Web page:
The Ethics of Benefit-Cost Analysis

Headshot of Lisa Robinson Listening

Conventional benefit-cost analysis is well-established and widely used globally to assess policy options that profoundly affect public health. The normative assumptions that underlie theconventional approach as well as alternatives were explored in a week-long conference organized by CHDS Deputy Director Lisa Robinson, Dan Wikler (Harvard Chan School), Nir Eyal (Rutgers University), and Samia Hurst (University of Geneva). The conference, Healthy, Wealthy, and Wise – The Ethics of Health Valuation, was sponsored by the Brocher Foundation in Geneva Switzerland.

Conventional benefit-cost analysis measures changes in individual welfare based on peoples’ preferences for exchanging their own money for changes in their own wellbeing, and measures changes in societal welfare by summing these values across individuals. These assumptions are often challenged on ethical grounds. One set of questions relates to how welfare is defined. For example, should we focus on satisfying individual preferences? On maximizing other measures of wellbeing? Give priority to health over other attributes of welfare? In addition, there are worries that conventional benefit-cost analysis underweights benefits that accrue to the poor, ignores distributional impacts, relies on self-regarding rather than other-regarding (e.g., altruistic) values, and does not adequately distinguish between morally desirable and undesirable preferences. Outcomes that are difficult to quantify or to value in monetary terms, such as respect for human dignity, also cannot be easily accommodated within this framework.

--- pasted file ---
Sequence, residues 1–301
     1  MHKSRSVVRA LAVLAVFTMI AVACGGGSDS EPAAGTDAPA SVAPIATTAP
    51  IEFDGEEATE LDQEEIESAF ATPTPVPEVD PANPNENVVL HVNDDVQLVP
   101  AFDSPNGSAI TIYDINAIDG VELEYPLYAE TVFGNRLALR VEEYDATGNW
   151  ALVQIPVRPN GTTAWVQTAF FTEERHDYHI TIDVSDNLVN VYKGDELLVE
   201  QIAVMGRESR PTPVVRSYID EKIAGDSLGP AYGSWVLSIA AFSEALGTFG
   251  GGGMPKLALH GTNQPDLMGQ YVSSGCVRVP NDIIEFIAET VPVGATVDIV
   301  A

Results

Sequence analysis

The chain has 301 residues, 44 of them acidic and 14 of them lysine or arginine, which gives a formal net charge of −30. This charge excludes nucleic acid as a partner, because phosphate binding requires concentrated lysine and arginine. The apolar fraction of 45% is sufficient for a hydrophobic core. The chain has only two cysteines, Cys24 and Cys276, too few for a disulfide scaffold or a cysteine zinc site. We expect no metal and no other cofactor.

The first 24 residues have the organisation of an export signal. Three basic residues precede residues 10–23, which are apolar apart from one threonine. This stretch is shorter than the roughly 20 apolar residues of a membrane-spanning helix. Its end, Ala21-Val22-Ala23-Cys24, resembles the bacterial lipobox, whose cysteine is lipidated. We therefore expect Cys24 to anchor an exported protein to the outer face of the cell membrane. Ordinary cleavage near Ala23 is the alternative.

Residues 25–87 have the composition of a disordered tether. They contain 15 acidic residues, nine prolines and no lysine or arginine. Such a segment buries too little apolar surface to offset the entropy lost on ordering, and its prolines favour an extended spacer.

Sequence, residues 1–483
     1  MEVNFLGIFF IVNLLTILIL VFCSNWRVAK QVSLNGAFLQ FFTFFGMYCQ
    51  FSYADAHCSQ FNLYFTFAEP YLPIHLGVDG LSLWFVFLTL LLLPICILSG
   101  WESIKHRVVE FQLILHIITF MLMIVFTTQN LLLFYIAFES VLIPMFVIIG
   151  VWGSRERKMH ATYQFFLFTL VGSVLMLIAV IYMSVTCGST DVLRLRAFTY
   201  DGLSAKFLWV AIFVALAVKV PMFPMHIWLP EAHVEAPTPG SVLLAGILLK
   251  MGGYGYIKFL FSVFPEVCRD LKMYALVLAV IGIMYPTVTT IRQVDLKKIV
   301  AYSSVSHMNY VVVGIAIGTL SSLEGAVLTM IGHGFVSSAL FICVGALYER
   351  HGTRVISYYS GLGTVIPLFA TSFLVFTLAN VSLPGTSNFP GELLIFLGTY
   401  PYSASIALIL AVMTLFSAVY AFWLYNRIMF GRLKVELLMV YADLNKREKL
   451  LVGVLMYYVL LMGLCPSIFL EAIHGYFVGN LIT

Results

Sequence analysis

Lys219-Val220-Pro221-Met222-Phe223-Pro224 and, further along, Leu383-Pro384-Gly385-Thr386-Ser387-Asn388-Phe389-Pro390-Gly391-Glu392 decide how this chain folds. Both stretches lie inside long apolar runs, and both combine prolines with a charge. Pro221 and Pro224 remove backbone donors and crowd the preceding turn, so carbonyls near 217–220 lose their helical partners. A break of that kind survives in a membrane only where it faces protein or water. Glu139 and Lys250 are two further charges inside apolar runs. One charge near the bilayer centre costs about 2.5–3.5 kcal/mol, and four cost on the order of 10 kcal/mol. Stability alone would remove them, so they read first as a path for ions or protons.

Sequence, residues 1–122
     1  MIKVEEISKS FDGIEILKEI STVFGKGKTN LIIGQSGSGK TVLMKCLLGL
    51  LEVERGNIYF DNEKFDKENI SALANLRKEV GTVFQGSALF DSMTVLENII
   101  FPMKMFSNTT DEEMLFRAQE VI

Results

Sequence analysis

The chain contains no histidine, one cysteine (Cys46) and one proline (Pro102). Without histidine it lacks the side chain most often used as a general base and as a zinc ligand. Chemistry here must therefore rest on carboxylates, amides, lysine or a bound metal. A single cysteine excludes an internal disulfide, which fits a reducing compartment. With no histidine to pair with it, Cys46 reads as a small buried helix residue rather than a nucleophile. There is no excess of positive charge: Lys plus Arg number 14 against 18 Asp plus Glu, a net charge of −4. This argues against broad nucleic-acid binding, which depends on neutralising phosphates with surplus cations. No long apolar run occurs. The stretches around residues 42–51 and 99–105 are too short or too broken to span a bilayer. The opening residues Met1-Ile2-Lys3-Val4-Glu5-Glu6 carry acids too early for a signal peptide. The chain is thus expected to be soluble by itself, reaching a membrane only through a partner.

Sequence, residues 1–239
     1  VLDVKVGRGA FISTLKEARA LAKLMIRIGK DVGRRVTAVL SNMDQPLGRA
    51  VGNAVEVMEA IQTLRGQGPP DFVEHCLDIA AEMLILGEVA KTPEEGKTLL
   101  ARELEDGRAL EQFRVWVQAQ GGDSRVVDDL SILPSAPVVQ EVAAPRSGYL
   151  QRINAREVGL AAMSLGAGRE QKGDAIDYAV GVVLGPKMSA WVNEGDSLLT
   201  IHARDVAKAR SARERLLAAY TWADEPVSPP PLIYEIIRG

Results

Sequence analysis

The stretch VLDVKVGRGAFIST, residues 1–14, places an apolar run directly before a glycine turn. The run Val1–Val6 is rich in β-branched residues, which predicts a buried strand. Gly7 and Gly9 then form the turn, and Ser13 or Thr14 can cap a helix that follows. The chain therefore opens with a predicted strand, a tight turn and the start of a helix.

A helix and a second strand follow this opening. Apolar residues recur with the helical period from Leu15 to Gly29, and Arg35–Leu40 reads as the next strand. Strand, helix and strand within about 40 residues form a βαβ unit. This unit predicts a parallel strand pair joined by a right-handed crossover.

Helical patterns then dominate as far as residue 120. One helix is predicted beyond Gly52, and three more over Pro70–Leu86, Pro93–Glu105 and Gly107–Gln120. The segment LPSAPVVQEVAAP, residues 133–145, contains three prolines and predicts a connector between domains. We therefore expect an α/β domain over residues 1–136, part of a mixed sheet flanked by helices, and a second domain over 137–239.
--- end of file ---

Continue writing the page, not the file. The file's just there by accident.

This conference explored and compared the ethical foundations of several alternative approaches, including the use of subjective wellbeing (“happiness”) units, social welfare functions, and equivalent incomes or healthy life years, as well as options for incorporating other-regarding preferences in monetary values. It resulted in several proposals for further investigating and implementing approaches that may better account for changes in societal wellbeing.

Learn more: Read about the Brocher Summer Academy in Global Population Health, 2022:  Healthy, Wealthy, and Wise – The Ethics of Health Valuation
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